The Old Testament in the Light of the New Covenant

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2 Cro 24:17-25

After Jehoiada’s death the officials of Judah came to pay court to the king, and the king listened to their advice, and they abandoned the Temple of Yahweh, God of their ancestors, for the worship of sacred poles and idols. Judah and Jerusalem incurred wrath because of this guilt of theirs. He sent their prophets to lead them back to Yahweh; these put the case against them, but they would not listen. The spirit of God then invested Zechariah son of Jehoiada the priest. He stood up before the people and said, ‘God says this, “Why transgress Yahweh’s commands to your certain ruin? For if you abandon Yahweh, he will abandon you.” They then plotted against him and, at the king’s order, stoned him in the court of the Temple of Yahweh. Thus King Joash, forgetful of the devotion which Jehoiada father of Zechariah had displayed on his behalf, murdered his son, who cried out as he died, ‘Yahweh will see this and avenge it!’ At the turn of the year, the Aramaean army made war on Joash. When they reached Judah and Jerusalem, they massacred all the nation’s government officials and sent all their booty to the king of Damascus. Although the invading Aramaean army was only a small body of men, Yahweh allowed them to defeat a very large army because they had abandoned Yahweh, God of their ancestors; thus they executed judgement on Joash. After they had retired — for they left him seriously wounded– his own retainers plotted against him to avenge the blood of the son of Jehoiada the priest and murdered him in his bed. When he died he was buried in the City of David, but not in the tombs of the kings.

This reading takes us back to the time of the Old Covenant, in which the consequences of evil deeds and grave sins are clearly shown. Again we hear of the great temptation of the kings to turn to other gods. Not only did they ignore the warnings of the prophets, but, in the person of Zechariah, they even put to death the one who told them the truth. An end that many prophets had to suffer!

Why is it that the Israelites turned so easily to other gods, to idols they neither see nor hear, as the psalm says, to show the absurdity of such worship (cf. Ps 135:16-17)?

Idols are man-made, “the work of human hands” (Ps 135:15), and in reality nothing is owed to them. The Covenant with God, on the other hand, implies commitments on the part of man, which form him and require of him an attitude of listening: “Hear, O Israel, the Lord your God is the only Lord” (Dt 6:4).

Perhaps without being fully aware of it, man wants to avoid the commitments involved in a covenant of love, such as the relationship between God and his people. Today, in modern times, we see more and more fear of commitment and, in the name of a misunderstood freedom, it is believed that everyone can decide everything for himself. But very soon we fall into the trap that precisely this false freedom sets for us, leaving us at the mercy of our arbitrary, unbridled desires and passions, so that, in the end, we are caught in the nets of modern idols.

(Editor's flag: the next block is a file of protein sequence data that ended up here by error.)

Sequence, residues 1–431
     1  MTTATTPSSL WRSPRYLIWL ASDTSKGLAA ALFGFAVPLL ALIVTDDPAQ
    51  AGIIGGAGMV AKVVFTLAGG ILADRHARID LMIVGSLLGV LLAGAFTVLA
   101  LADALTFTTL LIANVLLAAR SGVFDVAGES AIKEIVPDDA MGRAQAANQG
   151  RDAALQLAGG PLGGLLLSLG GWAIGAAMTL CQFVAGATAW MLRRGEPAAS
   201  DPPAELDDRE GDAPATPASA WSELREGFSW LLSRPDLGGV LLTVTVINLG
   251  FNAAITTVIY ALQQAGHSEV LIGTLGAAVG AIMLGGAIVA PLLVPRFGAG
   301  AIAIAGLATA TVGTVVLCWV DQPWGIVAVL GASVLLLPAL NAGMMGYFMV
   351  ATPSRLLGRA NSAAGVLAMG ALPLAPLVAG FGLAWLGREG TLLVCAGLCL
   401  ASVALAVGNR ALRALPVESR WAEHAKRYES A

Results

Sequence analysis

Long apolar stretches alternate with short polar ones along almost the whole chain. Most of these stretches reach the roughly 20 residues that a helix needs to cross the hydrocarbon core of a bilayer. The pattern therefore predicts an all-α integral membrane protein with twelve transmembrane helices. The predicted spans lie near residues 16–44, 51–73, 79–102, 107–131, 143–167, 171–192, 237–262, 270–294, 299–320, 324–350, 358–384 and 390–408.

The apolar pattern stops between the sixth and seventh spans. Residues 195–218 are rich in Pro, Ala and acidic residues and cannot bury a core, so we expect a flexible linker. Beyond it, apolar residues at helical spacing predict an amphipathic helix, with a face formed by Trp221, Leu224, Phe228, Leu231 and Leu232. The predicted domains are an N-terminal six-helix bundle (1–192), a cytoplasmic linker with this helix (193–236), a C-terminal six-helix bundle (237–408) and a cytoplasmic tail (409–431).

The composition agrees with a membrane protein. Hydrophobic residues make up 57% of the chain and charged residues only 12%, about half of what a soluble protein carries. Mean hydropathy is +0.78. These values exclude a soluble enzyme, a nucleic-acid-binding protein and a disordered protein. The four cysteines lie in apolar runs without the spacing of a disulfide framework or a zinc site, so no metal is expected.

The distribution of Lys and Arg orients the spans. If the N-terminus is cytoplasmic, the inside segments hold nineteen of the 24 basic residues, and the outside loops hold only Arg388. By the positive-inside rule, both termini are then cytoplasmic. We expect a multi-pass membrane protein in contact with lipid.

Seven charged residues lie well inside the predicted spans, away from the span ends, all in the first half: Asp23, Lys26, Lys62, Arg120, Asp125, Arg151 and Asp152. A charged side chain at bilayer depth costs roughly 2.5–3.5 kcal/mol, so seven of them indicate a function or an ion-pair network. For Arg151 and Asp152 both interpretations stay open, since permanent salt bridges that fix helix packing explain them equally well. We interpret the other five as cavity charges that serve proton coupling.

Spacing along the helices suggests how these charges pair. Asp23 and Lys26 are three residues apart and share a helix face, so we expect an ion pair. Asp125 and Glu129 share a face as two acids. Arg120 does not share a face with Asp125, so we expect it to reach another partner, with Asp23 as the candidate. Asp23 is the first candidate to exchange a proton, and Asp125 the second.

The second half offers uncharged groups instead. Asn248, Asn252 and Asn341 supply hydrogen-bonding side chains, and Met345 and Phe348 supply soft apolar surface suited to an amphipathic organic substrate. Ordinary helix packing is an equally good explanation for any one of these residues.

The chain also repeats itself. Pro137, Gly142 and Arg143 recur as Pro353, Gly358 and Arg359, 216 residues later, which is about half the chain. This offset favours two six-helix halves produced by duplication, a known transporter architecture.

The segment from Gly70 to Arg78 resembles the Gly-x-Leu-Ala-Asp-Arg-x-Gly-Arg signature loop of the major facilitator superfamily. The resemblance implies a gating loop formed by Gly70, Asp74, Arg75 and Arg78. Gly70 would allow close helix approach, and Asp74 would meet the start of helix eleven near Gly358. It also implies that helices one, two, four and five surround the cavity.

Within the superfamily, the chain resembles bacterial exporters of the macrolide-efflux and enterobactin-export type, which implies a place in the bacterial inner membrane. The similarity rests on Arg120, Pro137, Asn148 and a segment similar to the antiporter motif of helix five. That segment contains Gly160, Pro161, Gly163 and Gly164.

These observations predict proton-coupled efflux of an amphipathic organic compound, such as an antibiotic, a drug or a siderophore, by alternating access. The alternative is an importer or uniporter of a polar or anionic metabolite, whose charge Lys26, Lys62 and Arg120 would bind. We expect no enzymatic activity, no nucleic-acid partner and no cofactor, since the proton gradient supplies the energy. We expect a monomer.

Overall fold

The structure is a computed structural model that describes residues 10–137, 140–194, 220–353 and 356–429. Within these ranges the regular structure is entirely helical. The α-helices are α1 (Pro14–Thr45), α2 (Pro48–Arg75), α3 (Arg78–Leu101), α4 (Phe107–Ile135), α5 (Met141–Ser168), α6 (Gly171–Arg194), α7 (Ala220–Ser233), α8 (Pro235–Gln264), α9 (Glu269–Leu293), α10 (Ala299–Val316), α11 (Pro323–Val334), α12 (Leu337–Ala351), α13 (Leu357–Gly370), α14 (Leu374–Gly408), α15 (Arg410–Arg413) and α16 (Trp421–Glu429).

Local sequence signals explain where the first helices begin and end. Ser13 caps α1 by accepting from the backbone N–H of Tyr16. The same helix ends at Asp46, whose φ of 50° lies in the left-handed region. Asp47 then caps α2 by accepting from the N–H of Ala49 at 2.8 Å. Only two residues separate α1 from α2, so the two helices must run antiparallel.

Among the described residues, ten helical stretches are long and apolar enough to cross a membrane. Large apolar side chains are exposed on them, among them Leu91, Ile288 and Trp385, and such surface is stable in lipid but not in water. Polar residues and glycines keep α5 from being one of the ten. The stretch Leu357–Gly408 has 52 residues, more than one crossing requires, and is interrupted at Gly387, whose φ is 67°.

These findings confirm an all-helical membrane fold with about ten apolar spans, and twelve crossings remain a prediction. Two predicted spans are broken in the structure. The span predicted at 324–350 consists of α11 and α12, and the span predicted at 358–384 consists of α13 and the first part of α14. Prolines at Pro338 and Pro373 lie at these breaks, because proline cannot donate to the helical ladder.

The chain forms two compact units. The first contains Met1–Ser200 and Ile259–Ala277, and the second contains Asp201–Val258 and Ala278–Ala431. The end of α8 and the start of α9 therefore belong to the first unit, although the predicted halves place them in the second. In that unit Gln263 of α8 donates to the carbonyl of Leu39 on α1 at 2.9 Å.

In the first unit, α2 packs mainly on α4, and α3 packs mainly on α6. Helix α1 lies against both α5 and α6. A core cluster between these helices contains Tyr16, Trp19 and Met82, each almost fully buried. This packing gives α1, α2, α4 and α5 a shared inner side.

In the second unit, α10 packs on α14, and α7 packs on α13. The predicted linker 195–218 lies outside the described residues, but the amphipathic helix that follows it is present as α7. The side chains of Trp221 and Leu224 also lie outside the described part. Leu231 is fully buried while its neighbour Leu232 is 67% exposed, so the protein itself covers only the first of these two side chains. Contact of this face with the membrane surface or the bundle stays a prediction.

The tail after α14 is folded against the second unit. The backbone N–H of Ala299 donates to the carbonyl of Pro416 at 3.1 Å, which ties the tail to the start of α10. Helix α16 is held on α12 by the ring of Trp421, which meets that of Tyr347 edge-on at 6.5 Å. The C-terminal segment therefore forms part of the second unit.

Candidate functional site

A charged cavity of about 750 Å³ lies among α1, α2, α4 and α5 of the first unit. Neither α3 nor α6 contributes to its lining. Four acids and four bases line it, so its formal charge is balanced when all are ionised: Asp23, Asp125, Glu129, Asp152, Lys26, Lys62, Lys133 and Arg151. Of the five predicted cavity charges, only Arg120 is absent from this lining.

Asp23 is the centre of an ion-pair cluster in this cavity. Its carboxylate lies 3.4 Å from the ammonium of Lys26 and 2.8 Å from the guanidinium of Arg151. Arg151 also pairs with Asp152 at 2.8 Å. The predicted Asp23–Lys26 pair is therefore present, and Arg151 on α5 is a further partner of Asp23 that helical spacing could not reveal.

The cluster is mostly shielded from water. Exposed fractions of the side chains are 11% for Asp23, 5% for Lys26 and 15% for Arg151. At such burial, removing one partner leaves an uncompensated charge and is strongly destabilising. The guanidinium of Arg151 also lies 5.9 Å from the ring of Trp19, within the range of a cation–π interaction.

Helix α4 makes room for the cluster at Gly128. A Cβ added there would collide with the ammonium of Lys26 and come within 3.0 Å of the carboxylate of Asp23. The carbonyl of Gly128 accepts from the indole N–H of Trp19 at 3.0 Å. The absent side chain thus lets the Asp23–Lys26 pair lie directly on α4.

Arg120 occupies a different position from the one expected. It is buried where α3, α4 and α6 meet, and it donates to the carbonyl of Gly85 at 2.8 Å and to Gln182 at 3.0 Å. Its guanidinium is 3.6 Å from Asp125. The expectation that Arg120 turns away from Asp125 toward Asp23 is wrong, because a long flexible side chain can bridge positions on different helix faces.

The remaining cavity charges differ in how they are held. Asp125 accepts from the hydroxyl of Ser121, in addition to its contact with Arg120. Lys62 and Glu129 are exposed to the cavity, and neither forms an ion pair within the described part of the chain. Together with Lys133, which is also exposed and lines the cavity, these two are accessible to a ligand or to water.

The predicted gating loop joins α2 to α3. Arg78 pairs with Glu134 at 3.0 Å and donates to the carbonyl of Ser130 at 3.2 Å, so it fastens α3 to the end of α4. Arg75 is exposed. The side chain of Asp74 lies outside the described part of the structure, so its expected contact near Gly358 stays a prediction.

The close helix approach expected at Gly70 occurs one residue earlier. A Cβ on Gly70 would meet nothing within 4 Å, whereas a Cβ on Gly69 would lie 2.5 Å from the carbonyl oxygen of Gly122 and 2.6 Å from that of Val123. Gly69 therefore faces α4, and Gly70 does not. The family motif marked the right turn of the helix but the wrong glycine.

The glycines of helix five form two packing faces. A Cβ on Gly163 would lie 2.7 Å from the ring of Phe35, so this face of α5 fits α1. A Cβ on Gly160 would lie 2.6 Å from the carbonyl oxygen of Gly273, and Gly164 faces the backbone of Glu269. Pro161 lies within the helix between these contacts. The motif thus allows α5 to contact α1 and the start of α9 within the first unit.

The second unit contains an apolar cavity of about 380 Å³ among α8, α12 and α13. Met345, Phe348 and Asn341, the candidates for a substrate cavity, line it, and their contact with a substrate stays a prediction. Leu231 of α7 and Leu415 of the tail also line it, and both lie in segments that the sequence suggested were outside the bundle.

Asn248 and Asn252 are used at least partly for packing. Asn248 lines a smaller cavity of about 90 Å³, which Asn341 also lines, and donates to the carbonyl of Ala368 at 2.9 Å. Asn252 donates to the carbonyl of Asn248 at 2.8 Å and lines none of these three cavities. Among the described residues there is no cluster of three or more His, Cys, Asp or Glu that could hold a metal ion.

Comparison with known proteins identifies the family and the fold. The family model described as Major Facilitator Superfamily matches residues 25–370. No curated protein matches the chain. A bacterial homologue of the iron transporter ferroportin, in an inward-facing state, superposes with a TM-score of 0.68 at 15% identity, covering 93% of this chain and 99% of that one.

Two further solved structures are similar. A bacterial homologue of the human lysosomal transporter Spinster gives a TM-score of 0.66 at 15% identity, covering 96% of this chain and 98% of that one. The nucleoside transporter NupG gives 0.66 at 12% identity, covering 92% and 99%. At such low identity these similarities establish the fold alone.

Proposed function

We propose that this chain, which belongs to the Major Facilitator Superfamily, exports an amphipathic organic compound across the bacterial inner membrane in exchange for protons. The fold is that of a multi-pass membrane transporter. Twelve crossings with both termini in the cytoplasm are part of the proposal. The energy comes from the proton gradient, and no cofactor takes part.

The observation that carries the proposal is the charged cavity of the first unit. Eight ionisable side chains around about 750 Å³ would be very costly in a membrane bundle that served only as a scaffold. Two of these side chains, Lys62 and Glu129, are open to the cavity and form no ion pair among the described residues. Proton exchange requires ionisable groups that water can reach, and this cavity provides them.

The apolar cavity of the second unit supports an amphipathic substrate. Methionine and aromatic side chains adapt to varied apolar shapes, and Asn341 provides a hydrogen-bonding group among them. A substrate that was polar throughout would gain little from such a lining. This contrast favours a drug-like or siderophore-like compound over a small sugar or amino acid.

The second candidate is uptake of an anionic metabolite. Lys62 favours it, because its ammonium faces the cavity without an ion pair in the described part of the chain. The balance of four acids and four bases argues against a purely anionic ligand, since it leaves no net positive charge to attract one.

In today’s reading there are two passages which, in the light of the New Covenant, we would stress somewhat differently. We hear the prophet Zechariah cry out to the people: “if you abandon Yahweh, he will abandon you” – to make them understand what the consequences of their wrongdoing will be.

We can often notice that the Old Testament texts do not make that fine distinction between God’s active will and His passive will, i.e. what He allows to happen. All events are practically presented as God’s active will, so that one would have the impression that it is God Himself who causes the misfortunes. But certainly the Lord never actively wills evil for man; on the contrary, He allows it, so that at least in this way he may learn and, when he feels the painful consequences, recognise his evil ways.

If man does not want to listen, the option remains for him to learn through experience, even if it is sometimes a bitter lesson. In this context, we would not say, like the prophet Zechariah, that God has turned away from his people; rather, because of the sin of idolatry, the people have lost the clarity and the path that God had laid out for them, and so they could no longer accept the hand that God was holding out to them.

A second point in today’s reading that distinguishes it from the times of the New Covenant is the moment when Zechariah, on the point of death, exclaims: “Yahweh will see this and avenge it”. In this respect, the New Testament raises us to another height. Jesus himself, from the Cross, asks the Father to forgive his enemies (cf. Lk 23:34), and St. Stephen, while he was being stoned, exclaims: “Lord, do not hold this sin against them.” (Acts 7:60).

May we all, in the light of the New Covenant and in the grace that God gives us in Christ, proclaim the Good News with such authority and credibility that people will turn away from modern idols and listen willingly to God!

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